Emerging biomass conversion technologies, such as small scale mobile biochar or pyrolysis/torrefaction machines, aim to use forest residues left after extracting merchantable timber from timber harvest or fuel reduction thinning operations. The residues generated from these operations typically produce low quality feedstock which may not be suitable for new biomass conversion technologies. In an effort to increase feedstock quality, our study separated sub-merchantable trees and tops from piled limbs during the timber harvest. A portion of the separated material was further processed to remove limbs to create five material types: processed and unprocessed, conifer and hardwood stem wood, and slash (stems, limbs and chunks). These materials were comminuted with a disc-chipper or a grinder. The quality of the feedstock produced was characterized by moisture content, particle-size distribution, bulk density, and ash content. Moisture content of sample collected ranged from 19 to 29%. The mean geometric lengths for unprocessed hardwood, unprocessed conifer, processed hardwood, processed conifer, and slash were 20.60, 18.27, 18.16, 17.41, and 47.47 mm, respectively. The bulk density of the five material types ranged from 137.20 – 322 kg/m3. The least amount of ash were observed in processed conifer samples (0.27%) and greatest in ground slash (1.5%). The results showed that a high quality feedstock can be produced by separating stem wood from other residues during a harvest.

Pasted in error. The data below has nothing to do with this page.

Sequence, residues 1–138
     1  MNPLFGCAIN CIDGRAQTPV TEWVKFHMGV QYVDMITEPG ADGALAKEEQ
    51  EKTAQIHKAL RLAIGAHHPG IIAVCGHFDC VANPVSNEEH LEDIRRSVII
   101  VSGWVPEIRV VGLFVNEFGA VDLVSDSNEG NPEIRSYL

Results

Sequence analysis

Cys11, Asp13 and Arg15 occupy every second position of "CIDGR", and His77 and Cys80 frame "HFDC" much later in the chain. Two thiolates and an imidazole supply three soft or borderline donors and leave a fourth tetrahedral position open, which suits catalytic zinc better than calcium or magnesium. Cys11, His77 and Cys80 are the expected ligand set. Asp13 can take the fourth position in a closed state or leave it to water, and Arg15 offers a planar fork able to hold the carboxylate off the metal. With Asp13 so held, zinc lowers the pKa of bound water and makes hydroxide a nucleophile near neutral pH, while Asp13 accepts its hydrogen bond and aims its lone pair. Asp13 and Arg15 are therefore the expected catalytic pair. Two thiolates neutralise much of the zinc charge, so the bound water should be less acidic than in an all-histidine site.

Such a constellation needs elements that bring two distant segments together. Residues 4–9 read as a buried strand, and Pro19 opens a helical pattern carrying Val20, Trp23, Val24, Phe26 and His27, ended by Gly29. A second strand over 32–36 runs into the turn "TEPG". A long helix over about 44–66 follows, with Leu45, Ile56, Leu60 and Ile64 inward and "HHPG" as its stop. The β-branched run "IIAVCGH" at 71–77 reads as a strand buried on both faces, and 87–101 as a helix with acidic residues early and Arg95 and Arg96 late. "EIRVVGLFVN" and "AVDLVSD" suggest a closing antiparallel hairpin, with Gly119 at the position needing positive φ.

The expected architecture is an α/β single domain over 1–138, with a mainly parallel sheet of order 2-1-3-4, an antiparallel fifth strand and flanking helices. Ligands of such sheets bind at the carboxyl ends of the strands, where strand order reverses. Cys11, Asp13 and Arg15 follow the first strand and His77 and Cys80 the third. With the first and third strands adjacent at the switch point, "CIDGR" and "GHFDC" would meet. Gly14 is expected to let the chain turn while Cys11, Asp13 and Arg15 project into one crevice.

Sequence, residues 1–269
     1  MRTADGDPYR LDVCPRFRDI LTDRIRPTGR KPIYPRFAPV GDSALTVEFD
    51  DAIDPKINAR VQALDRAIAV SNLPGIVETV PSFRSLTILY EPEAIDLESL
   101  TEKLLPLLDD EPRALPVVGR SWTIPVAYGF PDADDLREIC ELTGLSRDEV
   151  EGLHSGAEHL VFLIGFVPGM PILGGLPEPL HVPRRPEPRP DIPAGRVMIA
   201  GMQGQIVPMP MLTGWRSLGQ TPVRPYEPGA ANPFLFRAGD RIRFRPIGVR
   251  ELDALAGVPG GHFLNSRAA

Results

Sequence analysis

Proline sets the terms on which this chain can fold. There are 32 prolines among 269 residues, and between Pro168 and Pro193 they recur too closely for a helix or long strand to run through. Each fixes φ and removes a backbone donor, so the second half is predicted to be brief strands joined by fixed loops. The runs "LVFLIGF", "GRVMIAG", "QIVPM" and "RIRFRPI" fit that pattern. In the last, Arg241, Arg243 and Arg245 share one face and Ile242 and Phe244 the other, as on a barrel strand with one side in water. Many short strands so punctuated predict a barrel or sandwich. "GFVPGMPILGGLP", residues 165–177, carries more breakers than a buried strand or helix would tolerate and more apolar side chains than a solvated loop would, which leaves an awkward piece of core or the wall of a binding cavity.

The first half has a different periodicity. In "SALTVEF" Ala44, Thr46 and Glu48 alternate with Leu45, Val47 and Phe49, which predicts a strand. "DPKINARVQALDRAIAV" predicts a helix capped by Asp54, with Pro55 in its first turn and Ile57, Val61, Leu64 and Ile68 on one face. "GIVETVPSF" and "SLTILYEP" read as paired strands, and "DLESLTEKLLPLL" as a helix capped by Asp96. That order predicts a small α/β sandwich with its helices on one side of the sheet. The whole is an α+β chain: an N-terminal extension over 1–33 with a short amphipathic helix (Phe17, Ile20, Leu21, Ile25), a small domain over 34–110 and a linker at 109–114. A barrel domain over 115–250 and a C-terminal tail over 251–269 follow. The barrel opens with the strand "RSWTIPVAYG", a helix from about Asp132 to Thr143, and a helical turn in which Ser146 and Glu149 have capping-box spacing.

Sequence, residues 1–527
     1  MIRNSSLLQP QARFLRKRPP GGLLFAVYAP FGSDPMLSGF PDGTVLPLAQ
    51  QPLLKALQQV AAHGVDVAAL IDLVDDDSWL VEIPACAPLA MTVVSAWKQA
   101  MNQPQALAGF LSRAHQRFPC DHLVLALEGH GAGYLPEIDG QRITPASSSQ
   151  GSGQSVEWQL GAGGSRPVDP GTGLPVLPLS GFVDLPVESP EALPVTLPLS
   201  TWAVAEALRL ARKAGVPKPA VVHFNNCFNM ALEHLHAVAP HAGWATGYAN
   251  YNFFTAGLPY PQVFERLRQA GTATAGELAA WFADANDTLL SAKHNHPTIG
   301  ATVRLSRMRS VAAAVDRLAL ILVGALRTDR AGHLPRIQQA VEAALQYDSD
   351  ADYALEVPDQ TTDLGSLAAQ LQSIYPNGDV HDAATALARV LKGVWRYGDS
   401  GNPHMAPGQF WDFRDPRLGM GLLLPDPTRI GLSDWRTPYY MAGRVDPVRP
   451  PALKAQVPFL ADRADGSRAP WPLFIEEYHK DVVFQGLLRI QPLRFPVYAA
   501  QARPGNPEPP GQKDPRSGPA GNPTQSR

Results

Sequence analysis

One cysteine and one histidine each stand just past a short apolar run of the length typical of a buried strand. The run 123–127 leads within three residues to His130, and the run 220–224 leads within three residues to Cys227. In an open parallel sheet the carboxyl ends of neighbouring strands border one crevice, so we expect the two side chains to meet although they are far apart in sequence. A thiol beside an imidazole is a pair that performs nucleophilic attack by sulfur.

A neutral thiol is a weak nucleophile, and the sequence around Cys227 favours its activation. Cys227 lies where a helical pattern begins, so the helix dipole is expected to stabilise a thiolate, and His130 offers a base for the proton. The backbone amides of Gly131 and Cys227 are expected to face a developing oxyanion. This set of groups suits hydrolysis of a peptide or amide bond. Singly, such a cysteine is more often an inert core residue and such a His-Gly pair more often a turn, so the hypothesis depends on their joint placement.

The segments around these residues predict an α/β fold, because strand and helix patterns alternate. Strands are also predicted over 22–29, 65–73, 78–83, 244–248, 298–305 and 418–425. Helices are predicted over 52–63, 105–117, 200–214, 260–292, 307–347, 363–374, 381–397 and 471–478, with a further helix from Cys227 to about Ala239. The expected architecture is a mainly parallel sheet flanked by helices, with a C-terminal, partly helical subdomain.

AUTHOR Waste to Wisdom
Waste to Wisdom is funded by a grant from the U.S. Department of Energy under the Biomass Research and Development Initiative program, Award Number DE-EE0006297, and is led by Humboldt State University with support from 15 regional partners.